What is a relative clause? Here are some examples and explanations.
|Defining relative clauses are used to specify which person or thing we mean.
Who or that are used for people. Which or that are used for things.
We don't use commas in a defining relative clause.
|I have a friend who / that speaks five languages.
She showed me the coat which / that she had bought.
|Non-defining relative clauses (extra information clauses) are used to add extra information to a sentence.
We use commas in a non-defining relative clause.
Who is used for people.
Which is used for things.
That cannot be used.
|Mr Fry, who speaks five languages, works as a translator for the EU.
Mr Fry, that speaks five languages, works as a translator for the EU.
The area, which has very high unemployment, is in the north of the country.
The area, that has very high unemployment, is in the north of the country.
|Relative clauses – common mistakes|
|Common mistakes||Correct version||Why?|
|The man who was sitting next to me he had a brown jacket.||The man who was sitting next to me had a brown jacket.||After a relative clause we do not repeat the subject (the man, he).|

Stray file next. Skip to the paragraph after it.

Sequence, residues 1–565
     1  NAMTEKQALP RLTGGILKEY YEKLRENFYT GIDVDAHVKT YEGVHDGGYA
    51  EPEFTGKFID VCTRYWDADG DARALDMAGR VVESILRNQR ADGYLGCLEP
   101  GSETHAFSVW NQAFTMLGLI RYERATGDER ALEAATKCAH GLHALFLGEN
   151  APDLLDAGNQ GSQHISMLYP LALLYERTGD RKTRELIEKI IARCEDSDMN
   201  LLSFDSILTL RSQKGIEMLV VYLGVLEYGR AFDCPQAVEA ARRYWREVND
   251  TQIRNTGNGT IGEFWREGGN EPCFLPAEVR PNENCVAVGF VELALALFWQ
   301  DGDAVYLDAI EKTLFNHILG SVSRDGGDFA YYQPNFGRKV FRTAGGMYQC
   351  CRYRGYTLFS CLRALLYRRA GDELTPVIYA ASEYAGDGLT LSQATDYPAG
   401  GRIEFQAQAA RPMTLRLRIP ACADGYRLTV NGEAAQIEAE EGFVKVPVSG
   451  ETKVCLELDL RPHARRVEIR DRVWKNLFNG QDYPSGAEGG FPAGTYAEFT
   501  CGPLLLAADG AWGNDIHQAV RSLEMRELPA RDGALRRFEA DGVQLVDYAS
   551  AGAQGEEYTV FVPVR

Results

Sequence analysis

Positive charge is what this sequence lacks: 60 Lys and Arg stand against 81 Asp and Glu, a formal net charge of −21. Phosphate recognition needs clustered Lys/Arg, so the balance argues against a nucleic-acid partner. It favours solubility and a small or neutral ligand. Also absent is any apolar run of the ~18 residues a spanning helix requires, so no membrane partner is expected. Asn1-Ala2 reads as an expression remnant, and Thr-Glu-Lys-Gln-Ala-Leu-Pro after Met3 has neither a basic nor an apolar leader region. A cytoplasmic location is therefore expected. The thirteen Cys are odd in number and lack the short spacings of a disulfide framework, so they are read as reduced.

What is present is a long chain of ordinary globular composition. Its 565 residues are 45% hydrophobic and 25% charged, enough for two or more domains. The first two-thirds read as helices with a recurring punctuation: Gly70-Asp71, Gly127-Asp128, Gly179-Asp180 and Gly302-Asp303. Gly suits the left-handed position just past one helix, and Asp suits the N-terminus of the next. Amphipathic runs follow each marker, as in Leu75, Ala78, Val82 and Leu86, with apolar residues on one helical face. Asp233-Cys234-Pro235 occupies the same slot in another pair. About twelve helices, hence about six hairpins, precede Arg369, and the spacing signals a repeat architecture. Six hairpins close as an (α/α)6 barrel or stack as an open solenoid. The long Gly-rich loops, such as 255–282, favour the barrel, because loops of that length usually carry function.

|The book what I bought was by Edward Lear.||The book that I bought was by Edward Lear.||Only that or which are possible, NOT what.|
|He lent me the book, which I found it very useful.||He lent me the book, which I found very useful.||A relative clause can have only one direct object.|
|The winner, that was 25, will receive $12,000.||The winner, who was 25, will receive $12,000.||That cannot be used in a non-defining (extra information) clause.|
|Our office is about two kilometres from the centre, which I share with my two colleagues.||Our office, which I share with my two colleagues, is about two kilometres from the city centre.||A relative clause follows the noun (office) to which it refers.|